Cameras range in cost from $150 to $1,000, though most average around $300 to $500 apiece. But docking stations can easily cost more than $1,000, and then there’s storage and digital evidence systems to help automate the cataloging of what can become a flood of new data. It all adds up. For example, San Diego plans to equip 1,000 patrol officers with cameras by the end of the year; first year costs are expected to hit $1 million, with a large portion of that going to data storage. In Duluth, Minn., the police department spent $5,000 for 84 cameras and charging bays. But its three-year contract for data storage cost the department $78,000.
Besides hardware and software costs, police departments report having to appoint at least one full-time officer to manage a BWC program. This person administers the BWCs, handles training, helps with tech support and even ensures BWC policy compliance among officers. He or she would also work at educating the community about the program.
An indirect cost that can be overlooked is the extra time officers have to spend reviewing and categorizing videos, making sure they are properly tagged and loaded into the database. This is where the choice of evidence management or records management technology can play a role. More sophisticated solutions can automate some or most of the legwork that many officers currently have to handle manually.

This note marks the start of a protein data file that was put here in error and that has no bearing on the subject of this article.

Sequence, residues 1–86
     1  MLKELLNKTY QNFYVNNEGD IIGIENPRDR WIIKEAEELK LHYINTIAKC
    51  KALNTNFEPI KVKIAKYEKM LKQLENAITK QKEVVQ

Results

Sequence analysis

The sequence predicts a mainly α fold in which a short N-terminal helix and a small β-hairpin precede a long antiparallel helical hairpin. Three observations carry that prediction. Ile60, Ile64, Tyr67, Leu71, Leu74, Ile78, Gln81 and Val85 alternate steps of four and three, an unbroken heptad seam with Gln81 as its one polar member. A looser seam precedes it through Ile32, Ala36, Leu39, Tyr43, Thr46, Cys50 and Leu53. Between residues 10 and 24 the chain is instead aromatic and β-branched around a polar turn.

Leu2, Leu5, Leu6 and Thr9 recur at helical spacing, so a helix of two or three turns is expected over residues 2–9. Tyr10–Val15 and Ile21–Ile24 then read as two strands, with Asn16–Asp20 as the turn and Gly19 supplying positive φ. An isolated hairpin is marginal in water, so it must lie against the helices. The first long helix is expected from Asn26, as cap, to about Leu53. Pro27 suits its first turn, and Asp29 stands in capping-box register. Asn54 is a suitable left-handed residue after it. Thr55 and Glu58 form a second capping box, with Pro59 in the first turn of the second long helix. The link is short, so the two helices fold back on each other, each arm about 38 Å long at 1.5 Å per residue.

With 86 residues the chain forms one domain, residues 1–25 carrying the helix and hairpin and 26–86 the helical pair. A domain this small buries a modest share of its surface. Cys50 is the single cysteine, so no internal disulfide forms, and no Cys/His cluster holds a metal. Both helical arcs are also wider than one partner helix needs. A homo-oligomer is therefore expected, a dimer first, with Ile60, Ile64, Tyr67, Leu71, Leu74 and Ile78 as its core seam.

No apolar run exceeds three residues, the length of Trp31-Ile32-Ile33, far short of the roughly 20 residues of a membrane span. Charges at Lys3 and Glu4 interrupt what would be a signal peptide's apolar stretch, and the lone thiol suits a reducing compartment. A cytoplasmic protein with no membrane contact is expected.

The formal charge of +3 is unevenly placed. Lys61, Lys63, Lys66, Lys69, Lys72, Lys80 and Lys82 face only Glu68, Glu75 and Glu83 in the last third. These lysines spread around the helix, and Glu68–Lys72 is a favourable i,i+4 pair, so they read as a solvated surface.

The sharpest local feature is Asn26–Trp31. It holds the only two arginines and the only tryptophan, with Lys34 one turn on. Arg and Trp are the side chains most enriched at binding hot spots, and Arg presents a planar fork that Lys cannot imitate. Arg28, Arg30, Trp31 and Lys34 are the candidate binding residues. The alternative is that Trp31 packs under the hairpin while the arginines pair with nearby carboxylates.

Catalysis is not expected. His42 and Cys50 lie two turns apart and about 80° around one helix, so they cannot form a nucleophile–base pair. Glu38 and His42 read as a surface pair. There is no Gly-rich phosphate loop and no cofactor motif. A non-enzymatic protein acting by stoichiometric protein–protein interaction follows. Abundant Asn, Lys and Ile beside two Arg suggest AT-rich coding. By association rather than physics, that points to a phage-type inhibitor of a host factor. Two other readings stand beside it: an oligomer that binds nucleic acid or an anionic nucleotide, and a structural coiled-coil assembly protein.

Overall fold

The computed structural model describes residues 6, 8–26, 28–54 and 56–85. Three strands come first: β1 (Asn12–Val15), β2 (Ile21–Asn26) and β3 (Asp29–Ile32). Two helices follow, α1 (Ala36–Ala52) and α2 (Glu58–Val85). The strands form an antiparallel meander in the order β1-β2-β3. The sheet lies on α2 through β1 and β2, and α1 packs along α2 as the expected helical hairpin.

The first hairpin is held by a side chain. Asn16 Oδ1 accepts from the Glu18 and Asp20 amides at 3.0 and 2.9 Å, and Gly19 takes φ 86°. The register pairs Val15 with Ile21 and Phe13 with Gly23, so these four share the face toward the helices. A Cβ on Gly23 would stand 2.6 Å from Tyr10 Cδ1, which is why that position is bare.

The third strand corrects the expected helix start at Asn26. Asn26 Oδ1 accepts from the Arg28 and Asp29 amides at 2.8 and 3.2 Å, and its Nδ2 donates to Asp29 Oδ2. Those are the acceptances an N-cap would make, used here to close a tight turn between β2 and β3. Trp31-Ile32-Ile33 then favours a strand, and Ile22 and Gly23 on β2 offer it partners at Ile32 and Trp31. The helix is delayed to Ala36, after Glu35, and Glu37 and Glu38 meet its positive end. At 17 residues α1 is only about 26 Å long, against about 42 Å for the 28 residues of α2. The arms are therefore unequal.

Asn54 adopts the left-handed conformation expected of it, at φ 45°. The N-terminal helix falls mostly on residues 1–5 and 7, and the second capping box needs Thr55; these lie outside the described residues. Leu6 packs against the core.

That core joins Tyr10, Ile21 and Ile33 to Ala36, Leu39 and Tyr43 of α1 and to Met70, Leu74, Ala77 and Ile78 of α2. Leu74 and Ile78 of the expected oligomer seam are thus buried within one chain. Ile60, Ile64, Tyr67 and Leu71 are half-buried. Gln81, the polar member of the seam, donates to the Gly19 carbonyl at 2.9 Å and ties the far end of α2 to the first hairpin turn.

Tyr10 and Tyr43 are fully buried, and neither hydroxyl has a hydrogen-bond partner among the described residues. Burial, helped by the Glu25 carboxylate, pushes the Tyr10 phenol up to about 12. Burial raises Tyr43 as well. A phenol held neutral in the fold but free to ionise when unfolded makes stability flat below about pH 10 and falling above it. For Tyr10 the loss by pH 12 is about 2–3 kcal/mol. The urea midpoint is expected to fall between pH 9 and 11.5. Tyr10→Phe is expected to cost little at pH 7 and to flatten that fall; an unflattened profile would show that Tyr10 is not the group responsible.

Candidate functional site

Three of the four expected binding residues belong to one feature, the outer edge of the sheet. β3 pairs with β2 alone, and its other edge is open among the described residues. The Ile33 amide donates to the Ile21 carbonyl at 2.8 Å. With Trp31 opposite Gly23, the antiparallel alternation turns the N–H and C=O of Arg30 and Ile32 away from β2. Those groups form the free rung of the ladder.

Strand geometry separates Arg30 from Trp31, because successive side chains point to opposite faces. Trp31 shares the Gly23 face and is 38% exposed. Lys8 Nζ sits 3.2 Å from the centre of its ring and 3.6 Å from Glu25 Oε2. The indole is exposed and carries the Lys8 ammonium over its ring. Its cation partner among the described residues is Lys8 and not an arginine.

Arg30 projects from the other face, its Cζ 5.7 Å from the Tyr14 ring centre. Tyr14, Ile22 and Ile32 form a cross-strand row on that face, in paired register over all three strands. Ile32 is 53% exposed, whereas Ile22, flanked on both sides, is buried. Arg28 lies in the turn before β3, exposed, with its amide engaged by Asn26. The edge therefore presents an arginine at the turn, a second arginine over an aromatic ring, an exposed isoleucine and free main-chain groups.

When it comes to cost-saving strategies, there is little in the way of low-hanging fruit. But there are several ways that the overall expense of a BWC program can be reduced, according to PERF.
One recommendation is to reduce the retention time for non-evidentiary video. Oakland currently holds all videos for five years; and some BWC advocates recommend that cops record every interaction they have while on the beat. But that’s a costly burden. The Greensboro, N.C., Police Department has a less comprehensive recording policy, but still has managed to produce 40,000 videos in just seven months.
Another challenge is responding to records requests. As the use of video becomes more widespread, police organizations such as PERF and IACP expect members of the public and the news media to request more video recordings. As the amount of stored video increases, the burden of responding to these requests will also grow. Experts recommend that police and their IT staff evaluate other forms of long-term storage, such as offline or cold storage, and to shorten retention policies as much as possible.